Sources:

1. Influence of aqueous extract of Hibiscus sabdariffa L. petal on cadmium toxicity in rats., Asagba, S O;Adaikpoh, M A;Kadiri, H;Obi, F O, Biological trace element research, 2007. Retrieved on November 29, 2013, from: http://science.naturalnews.com

2. Methanolic extract of Hibiscus asper leaves improves spatial memory deficits in the 6 hydroxydopamine lesion rodent model of Parkinson's disease. Foyet, Harquin Simplice;Hritcu, Lucian;Ciobica, Alin;Stefan, Marius;Kamtchouing, Pierre;Cojocaru, Dumitru, Publication: Journal of ethnopharmacology, 2011. Retrieved on November 29, 2013, from: http://science.naturalnews.com

3. Hibiscus sabdariffa L. tea (tisane) lowers blood pressure in prehypertensive and mildly hypertensive adults, McKay, Diane L;Chen, C-Y Oliver;Saltzman, Edward;Blumberg, Jeffrey B, The Journal of nutrition, 2010. Retrieved on November 29, 2013, from: http://science.naturalnews.com

4. The effects of sour tea (Hibiscus sabdariffa) on hypertension in patients with type II diabetes, H Mozaffari-Khosravi1, B-A Jalali-Khanabadi2, M Afkhami-Ardekani3, F Fatehi3 and M Noori-Shadkam4, Journal of Human Hypertension, 2008. Retrieved on November 29, 2013, from: http://www.nature.com

5. Clinical effects produced by a standardized herbal medicinal product of Hibiscus sabdariffa on patients with hypertension. A randomized, double-blind, lisinopril-controlled clinical trial, Herrera-Arellano A, Miranda-Sanchez J, Avila-Castro P, Herrera-Alvarez S, Jimenez-Ferrer JE, Zamilpa A, Roman-Ramos R, Ponce-Monter H, Tortoriello J. Planta Med. 2007 Jan;73(1):6-12. Retrieved on November 29, 2013, from: http://www.ncbi.nlm.nih.gov

http://naturalmedicinejournal.com

http://www.biomedcentral.com

http://www.gaiaherbs.com

About the author:
Carolanne believes if we want to see change in the world, we need to be the change. As a nutritionist, natural foods chef and wellness coach, she has encouraged others to embrace a healthy lifestyle of green living for over 13 years. Through her website www.Thrive-Living.net, she looks forward to connecting with other like-minded people who share a similar vision.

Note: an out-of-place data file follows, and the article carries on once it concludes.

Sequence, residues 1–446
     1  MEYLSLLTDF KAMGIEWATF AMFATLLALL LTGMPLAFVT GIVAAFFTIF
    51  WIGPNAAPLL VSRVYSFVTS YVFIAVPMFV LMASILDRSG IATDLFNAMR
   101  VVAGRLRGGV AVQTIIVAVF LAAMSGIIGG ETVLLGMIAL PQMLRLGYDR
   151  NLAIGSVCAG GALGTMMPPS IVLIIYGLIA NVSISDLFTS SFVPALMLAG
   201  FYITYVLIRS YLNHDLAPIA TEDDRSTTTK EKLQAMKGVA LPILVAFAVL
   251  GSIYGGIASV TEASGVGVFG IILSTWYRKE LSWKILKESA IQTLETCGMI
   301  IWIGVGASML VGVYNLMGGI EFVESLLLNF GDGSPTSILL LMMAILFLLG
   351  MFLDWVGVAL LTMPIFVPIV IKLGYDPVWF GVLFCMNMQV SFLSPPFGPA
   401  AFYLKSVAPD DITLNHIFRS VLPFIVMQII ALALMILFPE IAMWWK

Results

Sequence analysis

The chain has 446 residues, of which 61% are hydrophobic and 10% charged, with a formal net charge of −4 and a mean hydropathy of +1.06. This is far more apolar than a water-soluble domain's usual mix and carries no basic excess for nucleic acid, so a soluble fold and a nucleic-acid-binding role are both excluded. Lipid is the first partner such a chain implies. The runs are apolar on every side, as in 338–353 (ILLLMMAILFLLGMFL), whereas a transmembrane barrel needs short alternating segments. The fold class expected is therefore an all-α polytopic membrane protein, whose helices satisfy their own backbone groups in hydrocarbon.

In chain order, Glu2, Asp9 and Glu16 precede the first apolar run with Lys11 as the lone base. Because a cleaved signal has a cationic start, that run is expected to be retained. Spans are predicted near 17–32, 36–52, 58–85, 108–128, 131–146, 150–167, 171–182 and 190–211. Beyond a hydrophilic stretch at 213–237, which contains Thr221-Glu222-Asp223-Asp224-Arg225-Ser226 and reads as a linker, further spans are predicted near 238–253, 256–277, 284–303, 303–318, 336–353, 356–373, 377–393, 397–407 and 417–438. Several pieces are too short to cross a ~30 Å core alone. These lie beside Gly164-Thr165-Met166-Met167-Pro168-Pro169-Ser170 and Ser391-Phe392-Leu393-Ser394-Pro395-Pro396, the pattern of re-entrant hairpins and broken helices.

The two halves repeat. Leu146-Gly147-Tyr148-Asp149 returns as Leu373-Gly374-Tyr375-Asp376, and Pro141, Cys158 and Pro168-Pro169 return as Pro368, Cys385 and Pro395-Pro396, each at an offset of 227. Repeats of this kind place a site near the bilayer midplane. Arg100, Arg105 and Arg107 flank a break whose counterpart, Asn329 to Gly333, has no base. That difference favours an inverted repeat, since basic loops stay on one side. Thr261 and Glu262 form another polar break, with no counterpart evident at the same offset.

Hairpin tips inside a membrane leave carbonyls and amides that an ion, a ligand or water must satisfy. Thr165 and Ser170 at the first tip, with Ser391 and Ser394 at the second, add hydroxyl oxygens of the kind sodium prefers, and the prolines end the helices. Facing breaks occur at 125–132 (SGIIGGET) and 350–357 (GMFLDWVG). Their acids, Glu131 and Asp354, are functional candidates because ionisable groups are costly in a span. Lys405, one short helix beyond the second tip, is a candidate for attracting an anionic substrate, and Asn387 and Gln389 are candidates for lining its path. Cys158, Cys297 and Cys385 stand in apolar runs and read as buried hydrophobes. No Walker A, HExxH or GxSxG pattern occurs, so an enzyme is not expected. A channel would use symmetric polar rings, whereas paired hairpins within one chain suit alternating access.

Follow on Facebook: www.facebook.com/pages/Thrive-Living/4995788...

For Pinterest fans: www.pinterest.com/thriveliving/

Find at Google+: www.goo.gl/cEZiyR

and Twitter: www.twitter.com/Thrive_Living

Read her other articles on Natural News here:

www.naturalnews.com/Author1183.html

Join over four million monthly readers. Your privacy is protected. Unsubscribe at any time.
comments powered by Disqus
Take Action: Support NaturalNews.com by linking back to this article from your website

Permalink to this article:

Embed article link: (copy HTML code below):

Reprinting this article:
Non-commercial use OK, cite NaturalNews.com with clickable link.

Follow Natural News on Facebook, Twitter, Google Plus, and Pinterest

Colloidal Silver

Advertise with NaturalNews...

Support NaturalNews Sponsors:

Advertise with NaturalNews...

GET SHOW DETAILS
+ a FREE GIFT

Sign up for the FREE Natural News Email Newsletter

Receive breaking news on GMOs, vaccines, fluoride, radiation protection, natural cures, food safety alerts and interviews with the world's top experts on natural health and more.

Join over 7 million monthly readers of NaturalNews.com, the internet's No. 1 natural health news site. (Source: Alexa.com)

Your email address *

Please enter the code you see above*

No Thanks

Already have it and love it!

Natural News supports and helps fund these organizations:

* Required. Once you click submit, we will send you an email asking you to confirm your free registration. Your privacy is assured and your information is kept confidential. You may unsubscribe at anytime.